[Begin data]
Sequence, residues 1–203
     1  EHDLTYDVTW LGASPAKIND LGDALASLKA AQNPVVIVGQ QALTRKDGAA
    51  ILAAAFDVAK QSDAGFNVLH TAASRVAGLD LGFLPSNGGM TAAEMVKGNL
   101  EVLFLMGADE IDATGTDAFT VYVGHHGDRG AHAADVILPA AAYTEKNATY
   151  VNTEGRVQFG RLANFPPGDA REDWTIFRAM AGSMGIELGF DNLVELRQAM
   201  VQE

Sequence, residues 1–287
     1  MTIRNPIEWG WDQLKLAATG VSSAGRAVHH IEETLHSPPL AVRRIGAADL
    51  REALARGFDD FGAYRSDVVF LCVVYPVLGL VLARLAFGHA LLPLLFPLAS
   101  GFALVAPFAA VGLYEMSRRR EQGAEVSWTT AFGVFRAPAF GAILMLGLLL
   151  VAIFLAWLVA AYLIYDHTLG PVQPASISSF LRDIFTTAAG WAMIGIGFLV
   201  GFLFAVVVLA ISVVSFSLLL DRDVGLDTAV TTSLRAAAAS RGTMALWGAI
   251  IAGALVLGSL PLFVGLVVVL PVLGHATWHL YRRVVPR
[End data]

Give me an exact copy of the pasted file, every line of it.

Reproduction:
Sequence, residues 1–203
     1  EHDLTYDVTW LGASPAKIND LGDALASLKA AQNPVVIVGQ QALTRKDGAA
    51  ILAAAFDVAK QSDAGFNVLH TAASRVAGLD LGFLPSNGGM TAAEMVKGNL
   101  EVLFLMGADE IDATGTDAFT VYVGHHGDRG AHAADVILPA AAYTEKNATY
   151  VNTEGRVQFG RLANFPPGDA REDWTIFRAM AGSMGIELGF DNLVELRQAM
   201  VQE

Sequence, residues 1–287
     1  MTIRNPIEWG WDQLKLAATG VSSAGRAVHH IEETLHSPPL AVRRIGAADL
    51  REALARGFDD FGAYRSDVVF LCVVYPVLGL VLARLAFGHA LLPLLFPLAS
   101  GFALVAPFAA VGLYEMSRRR EQGAEVSWTT AFGVFRAPAF GAILMLGLLL
   151  VAIFLAWLVA AYLIYDHTLG PVQPASISSF LRDIFTTAAG WAMIGIGFLV
   201  GFLFAVVVLA ISVVSFSLLL DRDVGLDTAV TTSLRAAAAS RGTMALWGAI
   251  IAGALVLGSL PLFVGLVVVL PVLGHATWHL YRRVVPR